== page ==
For the ‘field trial’, I used the Pure Gold chokes in a Browning Maxus Sporter at a local sporting clays club. Trying the Improved cylinder choke first, I was impressed with the kills, so much so I tried it for longer targets with equally good results. At the end of the 50 birds I had just sneaked home in first place, so I was happy with that.
Clay Shooting readers rightly expect results from more than a casual round of sporting clays, so next was a day at the pattern plate. I used the Maxus again, with the Pure Gold and the standard Browning Invector Plus choke tubes for comparison. I used RC Red Shot ‘Black Comfort’ loads. I tested the Improved Cylinder, Modified (UK ½ choke) and Improved Modified (UK ¾ choke) in both types.
The results were interesting. Most striking is the almost full choke pattern density produced by the Improved Cylinder Pure Gold choke tube, which may well explain the good results achieved with it on the clays, both near and more distant. The nominal pattern percentage for Imp/Cyl is 50 per cent at 40 yards, so this is a good result. It’s more remarkable for being produced with such a small restriction, the I/C Pure Gold choke tube carrying just 0.010” from the standard bore size of the ‘over-bored’ Invector Plus bore size of 0.740”.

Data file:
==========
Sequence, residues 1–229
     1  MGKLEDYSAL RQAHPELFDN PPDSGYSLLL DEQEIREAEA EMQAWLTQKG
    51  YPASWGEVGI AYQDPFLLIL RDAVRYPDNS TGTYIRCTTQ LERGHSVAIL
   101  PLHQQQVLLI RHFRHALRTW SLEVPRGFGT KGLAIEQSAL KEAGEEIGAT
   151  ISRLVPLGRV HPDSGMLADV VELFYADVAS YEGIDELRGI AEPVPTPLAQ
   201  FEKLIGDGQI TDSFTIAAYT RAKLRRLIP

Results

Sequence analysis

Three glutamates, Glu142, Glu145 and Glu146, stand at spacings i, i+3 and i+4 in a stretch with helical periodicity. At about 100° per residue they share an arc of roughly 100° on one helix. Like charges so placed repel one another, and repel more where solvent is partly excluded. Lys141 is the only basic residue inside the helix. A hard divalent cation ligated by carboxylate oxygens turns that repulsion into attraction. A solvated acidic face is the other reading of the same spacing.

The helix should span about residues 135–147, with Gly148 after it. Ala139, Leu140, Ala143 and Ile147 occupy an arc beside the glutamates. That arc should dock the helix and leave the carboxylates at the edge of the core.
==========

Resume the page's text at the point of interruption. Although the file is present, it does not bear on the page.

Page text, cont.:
The degree of choke restriction is etched large on the extended section of each choke for easy recognition. The high pellet density with low choke restriction and lower central density (cd) is beneficial because it means the pellets are more evenly distributed across its entire pattern, so off-centre shots stand a better chance of scoring a kill. Pellet deformation is likely to be lower, too, shortening the shot string.
Competition-grade ammunition and tight chokes tend to increase the pattern’s ‘central density’. This makes the centre able to smash targets further away, but places an emphasis on precision. We can see that central density did indeed increase with the degree of choke restriction, with the Mod Pure Gold putting 63 per cent of its pellets into the inner 20” circle and the Imp Mod 66 per cent. The Imp Mod Pure Gold gave almost identical results to the Mod choke, the extra .005” of restriction (0.025” compared with the Mod’s 0.020”) only serving to put a slightly higher percentage into the inner 20” circle. It’s a sign that some top grade ammunition does not require such heavy restriction to achieve closer patterns.
Choke choice is about selecting the one that gives you the best chance of breaking the target, not necessarily the tightest. Demands differ depending on the discipline, but as I found when shooting the Pure Gold, the lower choke value suited me well. Had it been an ABT shoot, I would use the Mod in a semi-auto.
These Pure Gold chokes are well made and will perform indefinitely with minimal maintenance. The lower choke restrictions performed best here but can only be assessed by test with regard to the discipline they are intended for. Their extra weight will move balance forward slightly, which can steady an over-lively gun. The ported extensions look particularly good on a semi-auto. These chokes are available to fit most popular guns, including Beretta, Benelli, Blaser and Remington. Priced at just £72 SRP per choke they are competitive, with some shorter types without porting. Anyone looking to upgrade factory chokes will want to take a closer look at these.